Meet Australian Artist Lynette Wallworth at World Economic Forum

Have an interactive video experience in Davos.

Wallworth-video-touch

A viewer with an interactive video by Lynette Wallworth, Invisible by Night, commissioned by the Melbourne Festival 2004.
Photo via: forma.org.uk.

All artnet News wanted to do was look up a few satellite events at this year’s annual meeting of the World Economic Forum in Davos-Klosters, Switzerland.

The meeting begins officially on January 21st and runs until the 24th, and it is true that some of the movers and shakers who gather “in the spirit of global citizenship” actually do take an interest in the arts.

For example, we note that at last year’s meeting the Iranian-born artist and intellectual Shirin Neshat was one of four recipients of a Crystal Award, which, according to Bloomberg Businessweek, “honors artists who have made important contributions to improving the state of the world.” (For more about Shirin Neshat, see the artnet News article Shirin Neshat Discusses Her Series Our House is on Fire.)

After surfing around the World Economic Forum’s website and stopping briefly at an article about gender parity (“Q&A: What is the future of fatherhood?”—shared on Twitter 235 times, as of publication time) and one about factory-style livestock production (“2 ways to fix factory farming”—shared on Twitter, alas, zero times, as of publication time), artnet News landed in a good spot: on a January 7, 2015, article titled “Why do we bring artists to Davos?” (The article is part of a series co-produced by the Huffington Post and the World Economic Forum.) The author is Nico Daswani, head of arts and culture for the programme development team at the World Economic Forum.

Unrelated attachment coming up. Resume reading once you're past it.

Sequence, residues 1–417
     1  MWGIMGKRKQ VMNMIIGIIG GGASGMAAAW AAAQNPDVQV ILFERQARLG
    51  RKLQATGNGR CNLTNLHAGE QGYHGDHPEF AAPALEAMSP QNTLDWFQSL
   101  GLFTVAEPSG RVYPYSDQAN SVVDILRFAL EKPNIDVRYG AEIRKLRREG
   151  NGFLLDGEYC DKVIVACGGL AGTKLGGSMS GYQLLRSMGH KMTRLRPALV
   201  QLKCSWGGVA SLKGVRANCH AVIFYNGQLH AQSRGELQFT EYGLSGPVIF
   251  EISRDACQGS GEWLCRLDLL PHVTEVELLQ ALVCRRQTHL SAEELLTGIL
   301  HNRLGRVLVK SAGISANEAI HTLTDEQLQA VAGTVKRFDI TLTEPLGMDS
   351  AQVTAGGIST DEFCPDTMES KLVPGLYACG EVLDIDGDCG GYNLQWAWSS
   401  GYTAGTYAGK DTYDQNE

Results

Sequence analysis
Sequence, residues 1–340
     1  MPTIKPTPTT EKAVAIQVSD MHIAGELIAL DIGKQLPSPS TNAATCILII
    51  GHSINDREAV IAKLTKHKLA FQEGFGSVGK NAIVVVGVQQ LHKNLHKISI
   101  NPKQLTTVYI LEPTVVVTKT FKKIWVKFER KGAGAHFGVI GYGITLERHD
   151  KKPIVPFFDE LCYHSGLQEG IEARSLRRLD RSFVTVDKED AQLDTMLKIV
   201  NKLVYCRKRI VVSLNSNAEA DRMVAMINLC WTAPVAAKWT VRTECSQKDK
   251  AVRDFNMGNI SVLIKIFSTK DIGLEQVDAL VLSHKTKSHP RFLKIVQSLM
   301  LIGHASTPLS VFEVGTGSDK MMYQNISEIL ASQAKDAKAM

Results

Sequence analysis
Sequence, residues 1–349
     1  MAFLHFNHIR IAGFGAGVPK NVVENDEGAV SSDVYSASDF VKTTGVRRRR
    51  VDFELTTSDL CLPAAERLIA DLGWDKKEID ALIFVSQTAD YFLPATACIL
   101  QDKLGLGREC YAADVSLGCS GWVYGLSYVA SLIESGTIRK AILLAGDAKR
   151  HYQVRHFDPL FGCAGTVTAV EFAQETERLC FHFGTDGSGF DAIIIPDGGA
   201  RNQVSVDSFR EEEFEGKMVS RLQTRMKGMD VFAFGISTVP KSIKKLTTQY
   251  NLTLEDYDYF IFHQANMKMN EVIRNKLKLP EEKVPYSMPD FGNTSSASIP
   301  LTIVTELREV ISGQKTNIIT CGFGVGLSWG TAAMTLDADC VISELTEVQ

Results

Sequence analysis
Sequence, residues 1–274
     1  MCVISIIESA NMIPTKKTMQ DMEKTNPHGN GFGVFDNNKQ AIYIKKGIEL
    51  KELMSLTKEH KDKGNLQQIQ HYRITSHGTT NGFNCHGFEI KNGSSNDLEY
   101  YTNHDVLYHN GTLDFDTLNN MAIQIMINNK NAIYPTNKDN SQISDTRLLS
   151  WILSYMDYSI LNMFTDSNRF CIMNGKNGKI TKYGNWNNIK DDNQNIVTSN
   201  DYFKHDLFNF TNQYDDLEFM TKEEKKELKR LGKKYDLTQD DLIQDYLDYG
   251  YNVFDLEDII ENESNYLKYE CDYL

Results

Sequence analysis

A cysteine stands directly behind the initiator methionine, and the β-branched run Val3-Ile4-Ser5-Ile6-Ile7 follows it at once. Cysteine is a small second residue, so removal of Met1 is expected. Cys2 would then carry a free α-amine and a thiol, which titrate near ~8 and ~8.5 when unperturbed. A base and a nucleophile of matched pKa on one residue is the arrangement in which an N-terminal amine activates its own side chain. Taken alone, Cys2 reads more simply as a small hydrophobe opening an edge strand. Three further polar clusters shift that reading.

The final two paragraphs of Mr. Daswani’s article read:

The arts activities in Davos may or may not have tangible outcomes. A performance may only provide hope, or an installation only a slight sense of discomfort. How will participants react to [Australian] Lynette Wallworth’s immersive “Evolution of Fearlessness,” a set of moving and interactive portraits of women refugees [who have lived through extreme acts of violence], which celebrates resilience in the hardest conditions—this in the context of the worst refugee crisis ever recorded?

We will not prescribe solutions. It is not the role of the arts. But we will trust in the potential of the experiences, in the context of how they are presented and contextualized within the Annual Meeting, to spark a new idea, create more empathy, shift a consciousness, and even lead a leader to commit to action. None of this is efficient nor scalable; but then again change has never come easily.

Wallworth’s interactive video—which allows participants to use “video touch”—is presented by the World Economic Forum as part of a focus on refugees.

 

Congress Delegates can meet Lynette Wallworth at a Meet the Artist event on January 21, from 1.45–2 PM on the Lower Level of the Congress Centre. Congress Delegates can also see Wallworth at an In Conversation: Visions of Storytelling event with the photographer Platon on January 22, from 9–10 AM at the Congress Centre – Schwarzhorn BetaZone.


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